When you think of magicians, what comes to mind? I'm forever haunted by the episode of the IT Crowd where Jen realises that she's dating a guy who looks like a magician (black hair, trimmed beard and black polo neck jumper) and feels she has to end the relationship. The poor guy has no idea why, or what happened.
Derren Brown has worked hard over the years to lose that kind of image and to shake up the magic world. Derren Brown has now created 'Unbelievable - Magic Reimagined', claiming that it's the magic show he always wanted to see. He's co-written the show, but is NOT in it. Indeed, none of the cast are professional magicians, instead they are actors, musicians and improvisors, all bringing something fresh to this otherwise somewhat tired genre of entertainment.
The 1874 listed Criterion Theatre is rather pretty, and not too big for this show created by Andy Nyman, Andrew O'Connor, and of course Derren Brown. I couldn't help but feel though, that despite all the attempts to involve audience members seated in the circles as well as in the stalls, that this would have been even better in a cabaret style venue.
Whilst we waited for something to happen on stage Yolanda Ovide, followed by a camera operator, made her way through the the audience, chatting and asking favours. These favours would become part of the show later with Hannah Price performing the actual illusion.
The show starts with members of the cast coming on stage playing various musical instruments, building on each others riffs. This seemed to go on a bit too long, but the music was a recurring theme throughout the show, and the glue that bound it together.
Simon Lipkin skilfully acted as both compere and showman. Taking the theme that we are all magicians and illusionists, only choosing to show the outer part of ourselves. He particularly shone in the section set in Prohibition where he turns water in the participants drink of choice through a combination of illusion and hypnotism.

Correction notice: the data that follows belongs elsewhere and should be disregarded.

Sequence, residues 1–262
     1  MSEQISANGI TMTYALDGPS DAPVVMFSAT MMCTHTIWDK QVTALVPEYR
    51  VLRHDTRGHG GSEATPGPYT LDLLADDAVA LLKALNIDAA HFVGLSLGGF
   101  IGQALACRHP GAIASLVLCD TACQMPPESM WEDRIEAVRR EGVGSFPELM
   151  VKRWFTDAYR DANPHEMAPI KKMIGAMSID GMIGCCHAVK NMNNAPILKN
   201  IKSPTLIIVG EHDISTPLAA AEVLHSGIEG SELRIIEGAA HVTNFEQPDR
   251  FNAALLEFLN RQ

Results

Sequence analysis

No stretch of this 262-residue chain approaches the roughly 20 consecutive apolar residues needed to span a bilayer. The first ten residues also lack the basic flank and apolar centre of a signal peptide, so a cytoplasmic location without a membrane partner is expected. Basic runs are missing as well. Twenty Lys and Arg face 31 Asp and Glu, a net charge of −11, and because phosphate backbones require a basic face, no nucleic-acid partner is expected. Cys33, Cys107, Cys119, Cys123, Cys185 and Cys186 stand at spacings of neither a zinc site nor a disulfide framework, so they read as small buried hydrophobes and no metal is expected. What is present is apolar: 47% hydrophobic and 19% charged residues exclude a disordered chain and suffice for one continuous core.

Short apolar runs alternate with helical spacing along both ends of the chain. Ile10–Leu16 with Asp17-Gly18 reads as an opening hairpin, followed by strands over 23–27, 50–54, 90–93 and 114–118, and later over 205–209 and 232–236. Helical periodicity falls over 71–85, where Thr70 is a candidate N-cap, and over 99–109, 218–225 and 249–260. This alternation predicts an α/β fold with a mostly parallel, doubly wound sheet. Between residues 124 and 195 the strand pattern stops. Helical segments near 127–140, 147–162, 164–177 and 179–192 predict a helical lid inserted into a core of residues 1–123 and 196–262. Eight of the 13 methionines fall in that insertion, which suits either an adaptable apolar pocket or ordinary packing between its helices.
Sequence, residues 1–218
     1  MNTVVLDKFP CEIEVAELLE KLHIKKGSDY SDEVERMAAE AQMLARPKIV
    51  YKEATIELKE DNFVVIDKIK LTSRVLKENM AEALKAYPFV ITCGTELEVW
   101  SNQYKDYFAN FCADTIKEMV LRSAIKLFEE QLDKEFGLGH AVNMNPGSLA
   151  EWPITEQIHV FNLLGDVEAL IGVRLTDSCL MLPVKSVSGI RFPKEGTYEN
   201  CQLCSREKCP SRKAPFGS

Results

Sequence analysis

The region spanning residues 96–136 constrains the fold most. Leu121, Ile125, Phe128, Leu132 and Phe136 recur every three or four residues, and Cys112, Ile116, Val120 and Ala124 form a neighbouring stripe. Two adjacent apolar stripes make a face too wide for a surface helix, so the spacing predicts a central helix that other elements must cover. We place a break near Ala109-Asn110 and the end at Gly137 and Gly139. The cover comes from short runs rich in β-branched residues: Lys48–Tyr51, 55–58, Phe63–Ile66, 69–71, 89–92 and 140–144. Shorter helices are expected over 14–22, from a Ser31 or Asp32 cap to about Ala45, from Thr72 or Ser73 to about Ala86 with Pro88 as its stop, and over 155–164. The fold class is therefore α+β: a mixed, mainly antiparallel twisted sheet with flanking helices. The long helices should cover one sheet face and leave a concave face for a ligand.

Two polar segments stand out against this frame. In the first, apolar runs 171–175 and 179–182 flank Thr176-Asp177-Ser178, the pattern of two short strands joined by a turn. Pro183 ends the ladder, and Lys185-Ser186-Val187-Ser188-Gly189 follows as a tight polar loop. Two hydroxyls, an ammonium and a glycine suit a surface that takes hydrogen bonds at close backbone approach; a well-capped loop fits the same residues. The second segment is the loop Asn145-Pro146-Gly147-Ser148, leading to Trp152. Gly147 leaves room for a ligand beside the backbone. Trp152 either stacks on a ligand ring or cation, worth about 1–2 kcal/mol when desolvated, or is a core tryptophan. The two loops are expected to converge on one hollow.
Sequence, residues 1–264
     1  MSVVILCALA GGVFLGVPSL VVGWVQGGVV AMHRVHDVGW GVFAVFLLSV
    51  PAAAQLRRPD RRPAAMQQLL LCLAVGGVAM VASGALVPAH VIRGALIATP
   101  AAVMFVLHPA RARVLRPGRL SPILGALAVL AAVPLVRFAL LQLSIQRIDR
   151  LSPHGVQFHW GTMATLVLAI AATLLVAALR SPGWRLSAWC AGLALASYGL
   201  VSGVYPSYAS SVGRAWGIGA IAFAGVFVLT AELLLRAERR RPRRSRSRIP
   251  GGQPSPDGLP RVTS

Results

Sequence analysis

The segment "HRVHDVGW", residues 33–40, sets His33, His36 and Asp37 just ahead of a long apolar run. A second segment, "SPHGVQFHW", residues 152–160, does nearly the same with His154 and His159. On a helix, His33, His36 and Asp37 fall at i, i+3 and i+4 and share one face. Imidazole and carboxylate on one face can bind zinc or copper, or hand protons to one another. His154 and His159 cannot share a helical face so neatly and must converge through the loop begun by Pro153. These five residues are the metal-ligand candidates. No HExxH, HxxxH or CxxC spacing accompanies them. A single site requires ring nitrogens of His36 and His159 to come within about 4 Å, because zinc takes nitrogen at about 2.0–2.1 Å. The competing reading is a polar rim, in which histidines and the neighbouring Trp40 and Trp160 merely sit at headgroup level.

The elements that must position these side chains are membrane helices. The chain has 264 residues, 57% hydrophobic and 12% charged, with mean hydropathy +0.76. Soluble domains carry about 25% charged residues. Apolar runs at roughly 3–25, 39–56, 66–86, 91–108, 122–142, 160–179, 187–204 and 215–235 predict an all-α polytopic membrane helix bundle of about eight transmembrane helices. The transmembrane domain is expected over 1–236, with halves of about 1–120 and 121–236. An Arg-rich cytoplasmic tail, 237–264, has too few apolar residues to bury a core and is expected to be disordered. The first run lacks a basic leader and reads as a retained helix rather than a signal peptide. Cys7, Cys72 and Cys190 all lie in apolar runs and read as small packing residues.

Also of note was the section where Hannah Price reads the minds of a selection of the audience to play the song they were thinking of on the piano. The looks on their faces as she nailed it was great.
Samuel Creasy brought a great deal of humour to Darren Brown's Unbelievable; he was the perfect cheeky chappy.
This show was suitable for children, with one 9 year old taking to the stage, and clearly having the time of her life. It was refreshing to see a show which was family friendly whilst engaging for adults too.
There was a humorous nod to the greatly under-rated talents of 'magician's assistants' whose whole role is to make the magician look good.
The finale was amazing, but rather reminded me of Marius Brill's book, 'How to Forget' where the illusionist goes to extreme lengths to find out information to astonish the audience. (This is a cracking read by the way). I can't reveal what it was as we were sworn to secrecy, but it really was a great end to the show.
I think that 'Unbelievable' will become one of those anchor shows in the West End that runs and runs; it's great fun, family friendly (age recommendation 9+), and there's always that chance that you might get to be part of the show. Every performance will be different depending on the audience, so you know that you'll be experiencing something unique.
218 - 223 Piccadilly,
London, W1J 9 HR
Nearest tube: Piccadilly Circus
Prices start from £20.00